In clinic conversations with young women, I am always surprised by the amount of misinformation out there on oral contraceptives—aka birth control pills.
So let’s clear some things up. Here are the 10 most common myths I hear about birth control pills, and the facts that contradict them.
- Myth 1: “They will make me gain weight.” Many women believe that oral birth control causes weight gain. Please know that with the lower dose pills we currently prescribe, weight gain is not a consistent finding. Several studies have confirmed that baseline weight, percent fat, percent water, and waist-to-hip ratio did not change significantly after six cycles of birth control pill use, in several large studies.
- Myth 2: “They will affect my fertility, making it harder for me to get pregnant later.” When you discontinue your birth control pill it may be several months before your normal cycle returns, but there is no increased risk of infertility. To the contrary, the risk of infertility may be reduced in women who have taken birth control pills.
- Myth 3: “They cause breast cancer.” Most studies have not demonstrated an association between use of oral contraceptives and the risk of breast cancer later in life. That risk is also not increased in those with a family history of breast cancer.
- Myth 4: “They cause ovarian cancer.” No—and it’s actually the opposite. Studies have consistently shown that prolonged use of oral contraceptive pills reduces the risk of ovarian cancer. In fact, you may still see reduced risk for 30 years after stopping birth control pills.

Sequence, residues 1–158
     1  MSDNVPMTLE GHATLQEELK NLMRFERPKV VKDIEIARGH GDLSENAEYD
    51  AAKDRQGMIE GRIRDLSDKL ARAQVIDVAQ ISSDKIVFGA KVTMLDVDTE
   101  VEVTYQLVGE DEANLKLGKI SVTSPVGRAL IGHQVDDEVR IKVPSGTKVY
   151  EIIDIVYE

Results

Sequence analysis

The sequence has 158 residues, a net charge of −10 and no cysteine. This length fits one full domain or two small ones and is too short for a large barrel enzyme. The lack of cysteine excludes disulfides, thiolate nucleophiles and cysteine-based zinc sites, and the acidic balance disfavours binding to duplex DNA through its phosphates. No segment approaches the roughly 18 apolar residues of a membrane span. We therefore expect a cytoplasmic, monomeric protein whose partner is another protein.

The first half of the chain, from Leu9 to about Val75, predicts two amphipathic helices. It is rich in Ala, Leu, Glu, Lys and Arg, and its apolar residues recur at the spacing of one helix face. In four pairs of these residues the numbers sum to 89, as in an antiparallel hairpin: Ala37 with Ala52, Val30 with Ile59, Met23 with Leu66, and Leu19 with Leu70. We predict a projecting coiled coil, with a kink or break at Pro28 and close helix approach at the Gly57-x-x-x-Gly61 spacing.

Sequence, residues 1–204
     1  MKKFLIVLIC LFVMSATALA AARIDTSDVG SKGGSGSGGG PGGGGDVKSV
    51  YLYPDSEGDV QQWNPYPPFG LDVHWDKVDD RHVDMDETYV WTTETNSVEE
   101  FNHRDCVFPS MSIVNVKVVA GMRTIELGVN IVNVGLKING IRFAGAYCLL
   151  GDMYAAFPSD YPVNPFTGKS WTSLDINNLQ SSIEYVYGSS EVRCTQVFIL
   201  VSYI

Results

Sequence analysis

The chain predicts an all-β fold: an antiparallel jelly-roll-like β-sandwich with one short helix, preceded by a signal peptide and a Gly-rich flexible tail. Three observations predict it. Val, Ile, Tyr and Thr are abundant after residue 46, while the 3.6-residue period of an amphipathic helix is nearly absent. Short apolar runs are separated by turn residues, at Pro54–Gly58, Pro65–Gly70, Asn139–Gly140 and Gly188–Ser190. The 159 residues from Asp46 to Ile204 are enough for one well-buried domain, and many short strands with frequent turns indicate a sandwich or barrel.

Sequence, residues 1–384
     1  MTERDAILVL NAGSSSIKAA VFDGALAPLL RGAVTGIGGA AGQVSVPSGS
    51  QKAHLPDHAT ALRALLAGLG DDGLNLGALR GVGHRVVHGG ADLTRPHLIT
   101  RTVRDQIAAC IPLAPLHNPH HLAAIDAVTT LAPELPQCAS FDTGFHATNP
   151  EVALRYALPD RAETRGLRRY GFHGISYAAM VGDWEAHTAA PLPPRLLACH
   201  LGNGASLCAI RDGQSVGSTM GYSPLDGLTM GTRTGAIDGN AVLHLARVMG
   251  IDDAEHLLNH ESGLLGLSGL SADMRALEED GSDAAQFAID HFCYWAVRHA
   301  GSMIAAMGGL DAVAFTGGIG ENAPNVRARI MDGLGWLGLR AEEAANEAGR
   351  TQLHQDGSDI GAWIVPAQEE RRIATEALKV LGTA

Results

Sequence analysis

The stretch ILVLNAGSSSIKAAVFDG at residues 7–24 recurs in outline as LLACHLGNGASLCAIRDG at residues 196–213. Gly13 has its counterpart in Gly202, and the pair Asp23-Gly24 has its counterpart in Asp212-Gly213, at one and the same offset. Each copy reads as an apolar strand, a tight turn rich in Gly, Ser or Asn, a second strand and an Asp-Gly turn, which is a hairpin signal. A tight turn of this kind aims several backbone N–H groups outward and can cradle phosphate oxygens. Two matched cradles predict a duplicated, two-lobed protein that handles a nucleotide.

- Myth 5: “They cause uterine (endometrial) cancer.” Again, it’s the opposite. The use of oral contraceptive pills decreases the risk of endometrial cancer. The protective effect of oral contraceptives persists for at least 15 years after you stop taking them. Bonus.
- Myth 6: “I’m too old to take them.” There are some folks who shouldn’t take them after age 35 or 40, like smokers, and those with high blood pressure or migraine headache with aura, but for others it’s fine. The age limit was lifted for healthy non-smoking women in 1989. Most women can take them safely up until menopause if needed.
- Myth 7: “Taking pills will affect my sex drive.” Studies on the effect of estrogen-progestin birth control (the most common kind) on female sexuality is conflicting. Although birth control pills suppress testosterone, there is no definitive data that they have a negative impact on libido (sexual desire).
- Myth 8: “They will make my fibroids grow.” Use of low-dose oral birth control does not cause fibroids to grow. Taking birth control pills is not a problem in women with fibroids.
- Myth 9: “My friend took them every day and still got pregnant.” Oral contraceptives are a very reliable form of contraception, with a failure rate of 0.1 percent—1 in 1000—of those who take them as directed. Due to problems with compliance, the actual failure rate of birth control pills is 2, or 2 in 100. Take them every day.
- Myth 10: “They will raise my cholesterol.” The effect of birth control on cholesterol does depend somewhat on which pill you take. In general, triglycerides may increase slightly but there will be no consistent changes in high-density (HDL) or low-density (LDL) lipoprotein cholesterol concentrations.